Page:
REVIEW: Bryan Adams still Waking Up The Neighbours at Sheffield Motorpoint Arena

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GUITAR man Bryan Adams is still Waking Up The Neighbours 20-years after his iconic album was released, writes Graham Walker.

And judging by his latest live show there’ll be no sleep for the next 20-years.

Waking Up The Neighbours: Bryan Adams at Sheffield Motorpoint Arena.      Picture: Glenn Ashley.

Waking Up The Neighbours: Bryan Adams at Sheffield Motorpoint Arena. Picture: Glenn Ashley.

Raw, rasping and raucous - but above all melodically loud - at his very best Adams has the greatest rock voice on the planet.

Springsteen fans will have something to say about that.

But not the 10,000 music lovers who experienced the Canadian rocker at his peak this week at Sheffield’s Motorpoint Arena.

He belted out hit after hit, playing special tribute to Waking Up The Neighbours, including All I Want Is You and Can’t Stop This Thing We Started.

The Arena choir joined in, of course, on the biggest hit from the album, his Robin Hood movie theme (Everything I Do) I Do it For You, which spent 16 weeks at number one, the longest in British chart history.

Adams went back further in time, to showcase the songbook from his 30-years in a two hour-plus show that included highlights Summer of ‘69, Run To You, Back To You, 18 ‘Til I Die, Cuts Like A Knife and The Only Thing That Looks Good On Me Is You.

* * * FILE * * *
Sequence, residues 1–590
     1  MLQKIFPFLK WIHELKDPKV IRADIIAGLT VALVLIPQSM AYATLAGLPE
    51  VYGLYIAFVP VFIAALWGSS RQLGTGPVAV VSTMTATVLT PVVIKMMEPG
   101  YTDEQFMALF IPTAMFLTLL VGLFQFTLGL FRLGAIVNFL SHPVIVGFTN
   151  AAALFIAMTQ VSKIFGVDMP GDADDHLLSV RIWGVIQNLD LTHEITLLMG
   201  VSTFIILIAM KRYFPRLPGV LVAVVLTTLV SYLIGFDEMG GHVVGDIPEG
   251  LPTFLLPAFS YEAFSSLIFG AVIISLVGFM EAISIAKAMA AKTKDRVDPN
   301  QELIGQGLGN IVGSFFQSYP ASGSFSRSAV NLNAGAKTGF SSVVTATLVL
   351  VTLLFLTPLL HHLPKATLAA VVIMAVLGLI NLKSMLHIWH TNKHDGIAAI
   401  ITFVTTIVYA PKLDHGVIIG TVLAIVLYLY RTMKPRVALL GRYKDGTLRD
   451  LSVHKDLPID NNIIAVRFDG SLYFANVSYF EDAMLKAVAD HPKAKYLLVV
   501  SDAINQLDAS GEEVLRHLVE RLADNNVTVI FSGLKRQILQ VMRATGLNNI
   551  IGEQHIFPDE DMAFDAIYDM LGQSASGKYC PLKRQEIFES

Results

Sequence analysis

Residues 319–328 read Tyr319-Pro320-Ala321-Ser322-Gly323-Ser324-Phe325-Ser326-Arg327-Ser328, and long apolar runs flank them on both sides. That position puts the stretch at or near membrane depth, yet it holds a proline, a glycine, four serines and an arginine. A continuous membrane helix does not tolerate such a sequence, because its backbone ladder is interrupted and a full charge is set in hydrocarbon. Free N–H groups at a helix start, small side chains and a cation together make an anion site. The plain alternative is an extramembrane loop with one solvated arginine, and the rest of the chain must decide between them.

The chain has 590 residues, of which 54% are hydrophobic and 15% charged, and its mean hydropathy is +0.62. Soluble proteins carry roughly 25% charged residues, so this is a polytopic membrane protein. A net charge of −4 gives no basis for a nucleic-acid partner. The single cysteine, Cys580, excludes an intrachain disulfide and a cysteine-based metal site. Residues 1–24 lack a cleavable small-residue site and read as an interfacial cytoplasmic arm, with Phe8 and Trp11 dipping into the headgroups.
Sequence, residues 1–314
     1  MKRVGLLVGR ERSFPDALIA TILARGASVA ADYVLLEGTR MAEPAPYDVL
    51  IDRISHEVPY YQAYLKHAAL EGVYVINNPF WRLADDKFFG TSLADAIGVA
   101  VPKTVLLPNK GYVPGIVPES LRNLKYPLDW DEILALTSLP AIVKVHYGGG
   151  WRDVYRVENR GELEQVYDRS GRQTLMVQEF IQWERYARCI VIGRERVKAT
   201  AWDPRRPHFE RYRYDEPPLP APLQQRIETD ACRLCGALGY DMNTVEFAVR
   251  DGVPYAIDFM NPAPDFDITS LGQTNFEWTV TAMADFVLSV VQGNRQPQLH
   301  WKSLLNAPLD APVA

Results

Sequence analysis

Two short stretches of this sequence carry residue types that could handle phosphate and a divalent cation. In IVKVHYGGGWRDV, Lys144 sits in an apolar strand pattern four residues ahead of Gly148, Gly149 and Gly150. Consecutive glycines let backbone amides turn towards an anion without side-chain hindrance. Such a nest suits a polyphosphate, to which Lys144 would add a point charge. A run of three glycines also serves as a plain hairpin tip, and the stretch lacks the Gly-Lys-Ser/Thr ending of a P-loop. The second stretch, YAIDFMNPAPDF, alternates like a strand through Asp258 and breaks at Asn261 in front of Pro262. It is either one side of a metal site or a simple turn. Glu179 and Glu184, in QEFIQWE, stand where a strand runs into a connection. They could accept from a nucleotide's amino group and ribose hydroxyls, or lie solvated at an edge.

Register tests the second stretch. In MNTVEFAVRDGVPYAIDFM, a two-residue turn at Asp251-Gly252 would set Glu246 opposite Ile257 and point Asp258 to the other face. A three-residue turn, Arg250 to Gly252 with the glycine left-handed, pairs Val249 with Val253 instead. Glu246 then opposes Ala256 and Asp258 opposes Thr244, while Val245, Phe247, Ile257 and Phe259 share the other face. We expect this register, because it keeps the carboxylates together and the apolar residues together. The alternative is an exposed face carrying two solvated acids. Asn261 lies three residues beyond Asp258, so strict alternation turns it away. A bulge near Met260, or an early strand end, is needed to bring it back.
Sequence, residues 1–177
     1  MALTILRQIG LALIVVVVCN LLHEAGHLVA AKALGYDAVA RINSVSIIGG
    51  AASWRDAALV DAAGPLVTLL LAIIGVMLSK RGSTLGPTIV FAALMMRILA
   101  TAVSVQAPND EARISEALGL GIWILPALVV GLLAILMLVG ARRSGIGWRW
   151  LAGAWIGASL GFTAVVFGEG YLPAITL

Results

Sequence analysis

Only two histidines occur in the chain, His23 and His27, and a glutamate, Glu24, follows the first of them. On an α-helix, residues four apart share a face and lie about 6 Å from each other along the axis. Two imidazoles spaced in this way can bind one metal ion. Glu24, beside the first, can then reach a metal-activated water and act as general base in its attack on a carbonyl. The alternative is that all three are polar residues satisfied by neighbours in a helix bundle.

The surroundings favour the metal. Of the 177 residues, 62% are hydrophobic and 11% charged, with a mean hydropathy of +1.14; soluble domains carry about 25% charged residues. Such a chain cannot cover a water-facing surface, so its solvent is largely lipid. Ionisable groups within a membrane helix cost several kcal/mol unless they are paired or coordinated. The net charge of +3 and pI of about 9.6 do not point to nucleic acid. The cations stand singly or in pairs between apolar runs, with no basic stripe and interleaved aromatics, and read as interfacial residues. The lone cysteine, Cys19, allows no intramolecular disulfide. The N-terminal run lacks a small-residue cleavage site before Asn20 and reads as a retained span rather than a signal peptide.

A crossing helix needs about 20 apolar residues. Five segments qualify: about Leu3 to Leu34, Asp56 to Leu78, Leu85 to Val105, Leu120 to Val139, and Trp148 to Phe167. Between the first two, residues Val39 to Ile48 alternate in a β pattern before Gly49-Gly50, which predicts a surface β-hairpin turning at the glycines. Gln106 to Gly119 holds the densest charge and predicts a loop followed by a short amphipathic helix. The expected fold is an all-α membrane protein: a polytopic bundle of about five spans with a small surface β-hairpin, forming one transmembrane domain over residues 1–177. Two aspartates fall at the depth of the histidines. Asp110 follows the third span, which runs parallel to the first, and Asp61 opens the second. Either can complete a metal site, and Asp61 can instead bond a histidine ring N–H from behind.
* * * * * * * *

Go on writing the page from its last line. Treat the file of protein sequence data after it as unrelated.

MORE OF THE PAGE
Sheffield song-writing partner Eliot Kennedy was given a name-check before Adams got a girl fan on stage to sing the Mel C part of the global smash duet they wrote, When You’re Gone.

“Eliot couldn’t be here tonight, he’s doing some TV show,” quipped Adams.

Some show in deed. The big guy is the Talent Development Director on this year’s X Factor. But you would expect nothing less from a man who shares his songwriting time with Adams and a certain Gary Barlow.

Other highs, streamed onto a massive screen which filled the back of an otherwise sparse stage, included Mickey Curry swapping his drums for pots, pans and upturned buckets during an impressive drumming demonstration and fast-fingered guitarist Keith Scott proving he can still play better than anyone else with the guitar on his head, back, or swinging around his neck, on It’s Only Love.

This was rock and roll for the masses and especially those of a certain age who went home waking up the neighbours to just one more verse of 18 ‘Till I die.